@GAMER New Vegas article scans

Discussion in 'NMA News and Information' started by Sander, Sep 2, 2010.

  1. Eyenixon

    Eyenixon Vault Senior Citizen

    Apr 11, 2008
    Who is "you guys?"
    I haven't said a word!
     
  2. alec

    alec White heterosexual male Orderite

    May 21, 2003
    Yes it is. Because it claims to be an RPG in the Fallout setting. Which needs TB combat to make any sense.
     
  3. cogar66

    cogar66 Still Mildly Glowing

    217
    Feb 16, 2010
    Of course, because RPGs are all about combat.

    :roll: Purists.

    Edit: Eh, how does it need TB combat to make any sense? I understand it needing TB combat to be a "true" Fallout game. I agree with you about Fallout supposed to have TB combat in order for it be a "true" Fallout game, but you claim it's not an RPG merely because it uses a different combat mechanic. This is complete bullshit. Fallout's(mechanics) have been dead since Interplay collapsed, but that doesn't change the fact that NV might be a good RPG based in the Fallout universe. I can see where you're coming from though.
     
  4. Crni Vuk

    Crni Vuk M4A3 Oldfag oTO Orderite

    Nov 25, 2008
    could someone blame him for it ? Considering that the old games have been designed as tourn based experience ?

    If bethesda would have come up with a whole new setting and own game no one would have the right to complain that its "real time" if that is what they choose. Its their product afterall.

    But they decided to develop a Fallout game. On purpose. They knew what they did from the first day (or maybe they havnt no clue ...). Fact is if you continue a well known series runing around in the media day and night claiming to make a "true sequel to the old games" then I dont see why exactly this game (fallout 3) and its devs (Bethesda) should enjoy the luxury to not compare their game to the past games. And criticise that Fallout today is a first person shooter with (more or less) some RPG elements just cause its all changed for the inovations sake ?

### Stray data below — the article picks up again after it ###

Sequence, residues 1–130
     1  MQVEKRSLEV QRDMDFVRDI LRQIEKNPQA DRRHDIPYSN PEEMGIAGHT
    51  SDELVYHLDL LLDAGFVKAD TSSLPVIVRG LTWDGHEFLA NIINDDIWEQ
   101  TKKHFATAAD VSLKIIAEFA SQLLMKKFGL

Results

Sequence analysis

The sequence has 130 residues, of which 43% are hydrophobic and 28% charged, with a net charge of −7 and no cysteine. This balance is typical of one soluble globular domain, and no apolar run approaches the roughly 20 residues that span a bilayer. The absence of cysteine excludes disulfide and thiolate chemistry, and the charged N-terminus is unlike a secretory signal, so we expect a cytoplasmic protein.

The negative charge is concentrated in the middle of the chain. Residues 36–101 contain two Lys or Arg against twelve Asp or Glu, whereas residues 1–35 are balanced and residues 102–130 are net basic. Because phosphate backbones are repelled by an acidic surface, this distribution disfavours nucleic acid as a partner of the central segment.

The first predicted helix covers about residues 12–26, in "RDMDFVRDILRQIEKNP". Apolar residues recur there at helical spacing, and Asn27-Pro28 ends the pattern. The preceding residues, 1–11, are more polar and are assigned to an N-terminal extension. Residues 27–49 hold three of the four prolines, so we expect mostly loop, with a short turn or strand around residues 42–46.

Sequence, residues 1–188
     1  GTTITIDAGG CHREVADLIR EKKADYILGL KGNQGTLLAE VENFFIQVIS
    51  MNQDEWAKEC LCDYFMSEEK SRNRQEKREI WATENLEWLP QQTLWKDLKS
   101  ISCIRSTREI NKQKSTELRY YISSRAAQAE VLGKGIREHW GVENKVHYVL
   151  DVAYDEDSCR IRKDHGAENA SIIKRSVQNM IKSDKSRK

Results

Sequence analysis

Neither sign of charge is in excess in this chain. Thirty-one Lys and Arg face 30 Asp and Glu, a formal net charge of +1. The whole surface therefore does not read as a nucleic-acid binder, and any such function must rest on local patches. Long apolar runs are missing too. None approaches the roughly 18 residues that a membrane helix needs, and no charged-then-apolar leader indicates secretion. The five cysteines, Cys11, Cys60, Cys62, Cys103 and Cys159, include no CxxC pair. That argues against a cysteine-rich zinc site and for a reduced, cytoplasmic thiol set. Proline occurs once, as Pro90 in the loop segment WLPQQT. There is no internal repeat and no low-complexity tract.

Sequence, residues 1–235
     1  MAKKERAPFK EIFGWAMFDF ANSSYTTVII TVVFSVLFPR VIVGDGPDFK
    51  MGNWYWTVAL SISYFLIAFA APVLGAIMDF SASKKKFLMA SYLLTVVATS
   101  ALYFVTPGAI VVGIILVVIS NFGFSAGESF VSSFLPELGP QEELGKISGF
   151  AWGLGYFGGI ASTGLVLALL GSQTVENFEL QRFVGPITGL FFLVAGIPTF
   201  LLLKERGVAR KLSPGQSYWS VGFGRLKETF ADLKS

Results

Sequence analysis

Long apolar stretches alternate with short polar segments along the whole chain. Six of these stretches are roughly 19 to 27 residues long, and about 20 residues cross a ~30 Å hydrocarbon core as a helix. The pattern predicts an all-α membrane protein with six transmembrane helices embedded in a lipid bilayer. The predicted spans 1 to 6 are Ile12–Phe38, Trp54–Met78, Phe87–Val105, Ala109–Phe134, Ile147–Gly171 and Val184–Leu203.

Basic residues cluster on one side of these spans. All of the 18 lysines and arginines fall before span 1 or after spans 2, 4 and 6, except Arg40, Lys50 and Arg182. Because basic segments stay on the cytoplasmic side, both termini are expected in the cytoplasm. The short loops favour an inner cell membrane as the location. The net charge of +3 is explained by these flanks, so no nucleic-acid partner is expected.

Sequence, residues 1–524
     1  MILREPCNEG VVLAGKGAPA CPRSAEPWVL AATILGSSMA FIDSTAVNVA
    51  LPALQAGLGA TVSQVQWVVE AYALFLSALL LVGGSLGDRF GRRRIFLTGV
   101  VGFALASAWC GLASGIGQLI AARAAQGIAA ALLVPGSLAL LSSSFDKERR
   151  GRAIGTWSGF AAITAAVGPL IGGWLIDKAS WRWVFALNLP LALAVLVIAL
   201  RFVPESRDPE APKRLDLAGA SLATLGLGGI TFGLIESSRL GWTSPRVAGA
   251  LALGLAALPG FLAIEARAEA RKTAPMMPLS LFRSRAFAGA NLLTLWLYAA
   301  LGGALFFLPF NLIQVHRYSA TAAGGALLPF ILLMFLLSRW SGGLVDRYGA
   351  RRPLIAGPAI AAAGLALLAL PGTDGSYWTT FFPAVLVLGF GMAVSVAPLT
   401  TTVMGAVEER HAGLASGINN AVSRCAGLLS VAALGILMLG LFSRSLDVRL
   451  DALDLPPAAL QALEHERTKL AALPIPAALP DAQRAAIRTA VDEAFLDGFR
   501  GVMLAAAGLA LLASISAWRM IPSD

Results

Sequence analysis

Inovation is for me when you take a mountainbike and make it a "better" mountainbike but not by tourning it into a motorcrossbike. Both are made with a similar approach, offroad experience and fun, yet both achieve that in different ways which are equal to each other when it comes to the experience and fun as no one can claim the one is better then the other. Now Fallout 3 has just done a shift not any improvement at all. Even worse see what this "improvements" have done in the end. Shallow story, boring combat and stupid dialogue. Almost like a purse sub standart shooter ...

    A'lec might be a bit harsh but I think hes somewhat right. Fallout never was meant to be a shooter in the first place. So the criticism not that wrong.
     
  5. DocConrad

    DocConrad First time out of the vault

    93
    Jul 8, 2007
    I'll reference the talking head:

    Notice that "Far Beyond" is a capitalized. This reminds me of those Heaven's Gate folks that thought if they killed themselves they'd hitch a ride on the Hale-Bopp Comet and achieve the next level of existence. Post-nuclear doomsday cults? Not too far off the mark, really.
     
  6. sea

    sea Vault Senior Citizen

    Oct 5, 2009
    Gotta call you out on this as well. There's nothing that prohibits an RPG from also having real-time combat, or FPS-based combat. You mention the Fallout setting, and there's nothing wrong with having a non-turn-based game in that setting. Would I call it a "true" sequel? Not really, but that doesn't mean that it can't be an RPG and it can't be good.